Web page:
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As a professional photographer, it is normal to take a fair amount of pride in your work. In an ideal world, everyone would take pride in their work; but photographers in particular are usually people who own their business, who are doing something they love and who are creative by nature.
It can be particularly frustrating when you feel that you aren’t doing your very best work. Even if the customer is happy, you want to keep doing your best and you want to keep growing and learning in your craft. Getting compliments or rave reviews are great, but that feeling when you take your latest and best image is unforgettable.
Wedding portraits is something that is particularly challenging in this regard. Your job is to capture the newlywed couple on the happiest day of their lives, which usually means photographing them face-on while they grin into the camera. Maybe you’ll ask them to embrace, to hold hands, or to stand in front of one another. But ultimately, you’re essentially doing the same thing in every photo. There is less freedom to be creative and to have a vision; which makes it easy to get into a creative rut.
How can you grow and expand when all these photos are essentially the same thing? As they say, the devil is in the details. Actually, it is precisely the limitations that this type of photography places on you that will allow you to challenge yourself to become even more creative.
Here are five pointers that will help you get out of that creative rut and take some truly memorable wedding portraits.
Tip number one is to look for inspiration on the web. Social media like Instagram and Pinterest are excellent for this. Just take a look at the ways in which other photographers have handled their wedding portraits and see if there is anything you can learn or borrow from them.
As Steve Jobs famously said, “Good artists copy, great artists steal.” Don’t be afraid to try and improve on what has come before you. Save some screenshots on your phone, or print out a list or shots you’d like to go for. Trying something brand new usually means failing a few times, but that’s what makes it an adventure!
Our second tip is to find a second shooter. If you feel that your creative juices are running a little dry, then how about inviting another cameraman along for the day? Get them to have a go at the same shots and you might find that they give you some fresh ideas that you can try. Even if you don’t end up taking their advice directly, this will help you to step out of your comfort zone and that’s when new ideas start flowing!
Ask your second shooter for some advice on locations. Try and find someone familiar with the venue, or maybe a photographer that has some ideas about great locations to shoot. Let him take the lead, and if you see him start something, see if you have a finishing flourish to take your portraits to the next level.
When you’ve been doing this gig for a long time, it’s easy to forget the most basic aspects; things like composition, framing, and lighting. Our third tip encourages you to bring it back to basics and remember some of the tips you learned when you were first starting out. You’ll often find you can inject fresh inspiration into your shoots.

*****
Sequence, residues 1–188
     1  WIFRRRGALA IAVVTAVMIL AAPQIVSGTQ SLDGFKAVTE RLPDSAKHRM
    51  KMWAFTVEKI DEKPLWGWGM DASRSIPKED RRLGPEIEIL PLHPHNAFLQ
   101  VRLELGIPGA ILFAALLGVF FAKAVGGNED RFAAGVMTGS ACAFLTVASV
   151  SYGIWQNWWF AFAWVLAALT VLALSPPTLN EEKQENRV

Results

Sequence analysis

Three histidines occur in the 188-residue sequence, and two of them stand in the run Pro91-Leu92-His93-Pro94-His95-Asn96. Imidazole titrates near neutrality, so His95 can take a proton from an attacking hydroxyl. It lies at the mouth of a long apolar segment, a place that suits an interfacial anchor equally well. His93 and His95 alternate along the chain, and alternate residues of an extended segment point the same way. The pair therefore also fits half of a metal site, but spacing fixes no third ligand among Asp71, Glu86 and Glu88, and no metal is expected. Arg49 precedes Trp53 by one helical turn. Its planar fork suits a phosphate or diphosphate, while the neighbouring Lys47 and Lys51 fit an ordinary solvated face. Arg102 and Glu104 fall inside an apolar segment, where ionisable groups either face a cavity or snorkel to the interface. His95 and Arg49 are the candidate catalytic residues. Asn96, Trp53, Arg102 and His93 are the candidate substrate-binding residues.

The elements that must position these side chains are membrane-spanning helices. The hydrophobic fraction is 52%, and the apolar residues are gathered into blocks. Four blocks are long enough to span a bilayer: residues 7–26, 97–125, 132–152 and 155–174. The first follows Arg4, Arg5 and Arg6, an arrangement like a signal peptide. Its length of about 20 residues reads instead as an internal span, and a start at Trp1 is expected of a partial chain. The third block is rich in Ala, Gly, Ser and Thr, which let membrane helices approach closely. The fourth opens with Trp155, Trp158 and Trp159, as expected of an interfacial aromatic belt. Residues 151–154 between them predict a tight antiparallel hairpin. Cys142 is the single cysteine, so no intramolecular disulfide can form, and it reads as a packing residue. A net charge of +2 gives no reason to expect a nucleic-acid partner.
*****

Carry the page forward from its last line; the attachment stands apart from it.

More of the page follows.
Try going for a classic or timeless look. Forget the props, crazy locations, special effects, and confetti canons. Try and see what you can do with your best lens, and most basic posing. You may find yourself asking why you’re trying to take the same photo that’s been taken by every wedding photographer before you. And the answer may just astound you!
For our fourth tip, let’s talk about your environment. Every wedding is different, whether that is because of the weather, the dress code, color scheme, or the crowd around you. Don’t fight it – work with it! Rain or clouds can be a dramatic backdrop for a photoshoot for example. A big crowd of onlookers can make for an interesting new perspective.
But the biggest resource you have at your disposal during your wedding sessions is the couple! No doubt they have a lot of ideas and suggestions for their photos – after all, they’re the ones paying the bills. Don’t be the snobbish professional who knows best. Listen to your customers and you may just find they can teach you something. At the very least, it may bring some fresh new ideas to the table.
This final tip is really the point you need to focus on here; your job is to make the subjects of your photos happy. You might be tired of taking the same old shots over and over again but if that’s what the couple wants, then it doesn’t really matter.
It’s an easy mistake to think that you need to be more creative and dramatic with your photography, while forgetting that the customer actually just wants a nice picture that will look good on their bedside table.
Your creativity here should serve a purpose, and that purpose is to make your customers happy. Forget about showing off what an original and inventive photographer you are – at least for the portraits. If you want to be creative, then you can always get in a few artsy shots of the bride’s shoes and the wedding rings. Letting go, and giving the client what they want should always come first.
So there you have it – five tips that can help you rediscover the fun and creativity for your wedding portraits; look for inspiration, get a second shooter, get back to basics, use what you have, and focus on the customer. Let us know in the comments below what you do when you find your creative juices are running dry.
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